Can you find true love in cyberspace?
Could internet dating lead to a life-long match?
A psychologist at Queen's University in Belfast says internet dating can offer romance with that 21st century twist.
Dr Monica Whitty's research has revealed that, in contrast to early negative views of online dating, for many people, love may be just a mouse click away.
But the findings suggest that the key to finding true love on the net is, above all, honesty.
If you want to find that special someone, then write an honest profile of yourself, Dr Whitty said.
"What I found is that the women tend to exaggerate about their weight, and perhaps bring it down a little bit," she said.
"Men exaggerate about their height and perhaps also about their socio-economic status."
In online dating, the profile is everything. So getting the detail right really counts. This is not about long online chats. People who 'click' in terms of profile, meet face to face very quickly.
So lies about height, weight and profession rapidly find the liars out.
"Some of the women I interviewed were very particular about people's profiles," Dr Whitty explained.
"One woman said: 'All this sipping red wine, going for walks on the beach, sitting by the fire stuff ... if so many people love doing that, how come we don't all bump into each other?'"
The psychologist carried our her research with Australian participants. But she said online dating seemed most popular with Americans.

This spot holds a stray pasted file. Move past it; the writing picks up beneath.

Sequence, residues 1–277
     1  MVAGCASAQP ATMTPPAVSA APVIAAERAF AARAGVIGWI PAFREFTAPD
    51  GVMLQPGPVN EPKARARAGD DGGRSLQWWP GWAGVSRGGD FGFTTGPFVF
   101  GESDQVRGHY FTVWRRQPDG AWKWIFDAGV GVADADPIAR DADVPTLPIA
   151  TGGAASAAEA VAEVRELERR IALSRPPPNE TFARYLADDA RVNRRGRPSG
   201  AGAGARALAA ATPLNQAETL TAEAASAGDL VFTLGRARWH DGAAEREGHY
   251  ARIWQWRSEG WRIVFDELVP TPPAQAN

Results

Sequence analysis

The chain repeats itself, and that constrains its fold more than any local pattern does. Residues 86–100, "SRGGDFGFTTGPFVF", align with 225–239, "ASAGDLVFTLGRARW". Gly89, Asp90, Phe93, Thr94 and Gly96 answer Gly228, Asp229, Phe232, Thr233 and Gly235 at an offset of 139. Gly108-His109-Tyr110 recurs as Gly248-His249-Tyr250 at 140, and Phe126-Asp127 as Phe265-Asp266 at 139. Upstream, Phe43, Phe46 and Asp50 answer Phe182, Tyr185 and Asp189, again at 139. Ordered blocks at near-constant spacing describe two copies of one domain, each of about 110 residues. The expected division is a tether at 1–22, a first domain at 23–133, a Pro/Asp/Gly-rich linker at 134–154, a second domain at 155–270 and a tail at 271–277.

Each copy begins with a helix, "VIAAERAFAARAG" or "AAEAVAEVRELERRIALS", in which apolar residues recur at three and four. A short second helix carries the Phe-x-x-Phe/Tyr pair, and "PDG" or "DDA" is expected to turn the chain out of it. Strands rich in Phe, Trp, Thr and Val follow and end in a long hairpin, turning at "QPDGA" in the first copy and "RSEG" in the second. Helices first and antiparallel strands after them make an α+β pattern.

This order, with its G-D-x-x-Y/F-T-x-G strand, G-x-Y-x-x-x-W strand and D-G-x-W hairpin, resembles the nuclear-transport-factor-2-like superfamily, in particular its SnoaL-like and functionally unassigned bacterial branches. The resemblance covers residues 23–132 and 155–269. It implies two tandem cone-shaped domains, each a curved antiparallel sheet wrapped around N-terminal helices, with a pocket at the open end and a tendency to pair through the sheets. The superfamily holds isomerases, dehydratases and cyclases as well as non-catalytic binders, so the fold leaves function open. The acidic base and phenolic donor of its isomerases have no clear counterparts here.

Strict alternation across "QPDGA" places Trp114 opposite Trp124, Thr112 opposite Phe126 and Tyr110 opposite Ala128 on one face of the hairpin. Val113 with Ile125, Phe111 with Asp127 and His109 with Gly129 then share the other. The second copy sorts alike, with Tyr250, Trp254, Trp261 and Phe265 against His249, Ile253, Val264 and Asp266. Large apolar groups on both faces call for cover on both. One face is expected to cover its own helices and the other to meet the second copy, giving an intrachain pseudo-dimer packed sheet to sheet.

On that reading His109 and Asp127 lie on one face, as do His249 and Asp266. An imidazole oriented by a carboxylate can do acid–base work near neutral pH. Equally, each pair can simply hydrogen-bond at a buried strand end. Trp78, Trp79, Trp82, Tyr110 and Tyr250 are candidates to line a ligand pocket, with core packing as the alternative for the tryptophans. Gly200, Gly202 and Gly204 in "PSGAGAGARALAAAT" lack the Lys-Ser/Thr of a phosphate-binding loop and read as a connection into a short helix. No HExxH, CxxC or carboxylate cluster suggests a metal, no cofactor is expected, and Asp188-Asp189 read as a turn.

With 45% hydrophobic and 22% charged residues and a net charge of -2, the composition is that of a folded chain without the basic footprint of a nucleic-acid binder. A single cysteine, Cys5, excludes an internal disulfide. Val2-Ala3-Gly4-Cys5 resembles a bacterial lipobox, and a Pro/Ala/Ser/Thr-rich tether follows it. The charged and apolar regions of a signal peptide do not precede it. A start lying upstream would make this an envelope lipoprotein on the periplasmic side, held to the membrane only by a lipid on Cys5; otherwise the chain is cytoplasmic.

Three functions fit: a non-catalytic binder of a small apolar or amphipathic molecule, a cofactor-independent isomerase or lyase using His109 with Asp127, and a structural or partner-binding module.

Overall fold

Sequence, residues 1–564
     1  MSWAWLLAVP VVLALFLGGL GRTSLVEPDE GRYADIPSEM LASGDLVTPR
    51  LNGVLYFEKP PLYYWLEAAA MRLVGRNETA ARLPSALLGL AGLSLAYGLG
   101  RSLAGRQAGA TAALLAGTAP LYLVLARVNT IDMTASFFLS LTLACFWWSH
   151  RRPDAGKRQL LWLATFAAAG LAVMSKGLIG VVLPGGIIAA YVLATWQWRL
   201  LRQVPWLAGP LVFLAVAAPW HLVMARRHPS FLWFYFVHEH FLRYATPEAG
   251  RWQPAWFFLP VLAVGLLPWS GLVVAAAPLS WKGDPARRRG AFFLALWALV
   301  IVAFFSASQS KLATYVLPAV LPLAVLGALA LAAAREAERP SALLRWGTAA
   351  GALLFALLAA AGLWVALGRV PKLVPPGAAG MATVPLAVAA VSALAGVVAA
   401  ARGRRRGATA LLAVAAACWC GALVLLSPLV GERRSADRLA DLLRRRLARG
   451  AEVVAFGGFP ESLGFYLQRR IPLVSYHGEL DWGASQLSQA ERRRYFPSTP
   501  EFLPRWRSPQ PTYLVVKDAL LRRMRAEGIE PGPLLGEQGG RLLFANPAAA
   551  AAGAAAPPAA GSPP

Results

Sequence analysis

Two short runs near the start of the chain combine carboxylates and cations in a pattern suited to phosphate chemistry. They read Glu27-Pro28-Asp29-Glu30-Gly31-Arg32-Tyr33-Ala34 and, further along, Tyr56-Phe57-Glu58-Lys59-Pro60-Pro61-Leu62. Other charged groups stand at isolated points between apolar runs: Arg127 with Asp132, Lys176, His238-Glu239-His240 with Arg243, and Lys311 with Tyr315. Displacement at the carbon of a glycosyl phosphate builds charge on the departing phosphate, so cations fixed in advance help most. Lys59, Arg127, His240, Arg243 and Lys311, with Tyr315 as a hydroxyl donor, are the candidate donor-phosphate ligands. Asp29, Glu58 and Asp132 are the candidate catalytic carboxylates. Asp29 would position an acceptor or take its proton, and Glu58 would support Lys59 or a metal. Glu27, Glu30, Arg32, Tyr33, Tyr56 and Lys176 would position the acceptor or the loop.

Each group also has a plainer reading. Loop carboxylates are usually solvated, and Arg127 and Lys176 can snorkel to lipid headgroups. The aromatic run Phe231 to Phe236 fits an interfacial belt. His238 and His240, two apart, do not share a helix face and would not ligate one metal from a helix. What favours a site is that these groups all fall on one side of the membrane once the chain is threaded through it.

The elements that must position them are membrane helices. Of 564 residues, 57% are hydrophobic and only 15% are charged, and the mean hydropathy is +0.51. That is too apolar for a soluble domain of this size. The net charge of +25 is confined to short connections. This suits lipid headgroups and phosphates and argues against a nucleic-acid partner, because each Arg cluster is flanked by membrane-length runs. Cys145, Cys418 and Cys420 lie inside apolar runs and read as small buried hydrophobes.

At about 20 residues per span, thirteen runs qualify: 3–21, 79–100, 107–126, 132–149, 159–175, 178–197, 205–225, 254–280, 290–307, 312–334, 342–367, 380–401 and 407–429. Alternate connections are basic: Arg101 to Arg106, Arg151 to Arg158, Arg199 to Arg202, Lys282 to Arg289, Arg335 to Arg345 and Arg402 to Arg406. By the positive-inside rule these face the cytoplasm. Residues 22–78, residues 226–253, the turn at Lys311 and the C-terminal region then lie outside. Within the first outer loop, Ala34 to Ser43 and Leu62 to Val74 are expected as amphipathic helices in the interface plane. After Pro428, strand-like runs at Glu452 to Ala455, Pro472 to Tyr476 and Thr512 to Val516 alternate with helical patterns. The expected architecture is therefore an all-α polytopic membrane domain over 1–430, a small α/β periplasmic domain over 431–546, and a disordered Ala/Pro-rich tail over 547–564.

"Americans are more open to this than Australians or those living in the UK," she said.
"They are lapping it up. Perhaps they are more extrovert and the idea of exposing themselves is not so frightening for them."
Dr Whitty said that as people become more aware of online dating, then, she believed it would become more popular.
"People are sick of using the bars and club scene. In many ways, this is much safer to use. In a bar, you are drinking and your defences are down.
"Online daters usually meet in a coffee shop or some kind of public space.
"But there is also room for disappointment in what, at times, can seem like 'shopping for love'. You pay to use an online dating service, you 'shop' for the profile of your perfect mate and sometimes, it just doesn't work out."
Dr Whitty is delivering a paper: Searching for Love on the Net during the annual British Psychological Society conference on Friday 1 April.
Her book, co-written with Adrian Carr, is called Human Relationships in Cyberspace and is to be published by Palgrave later this year.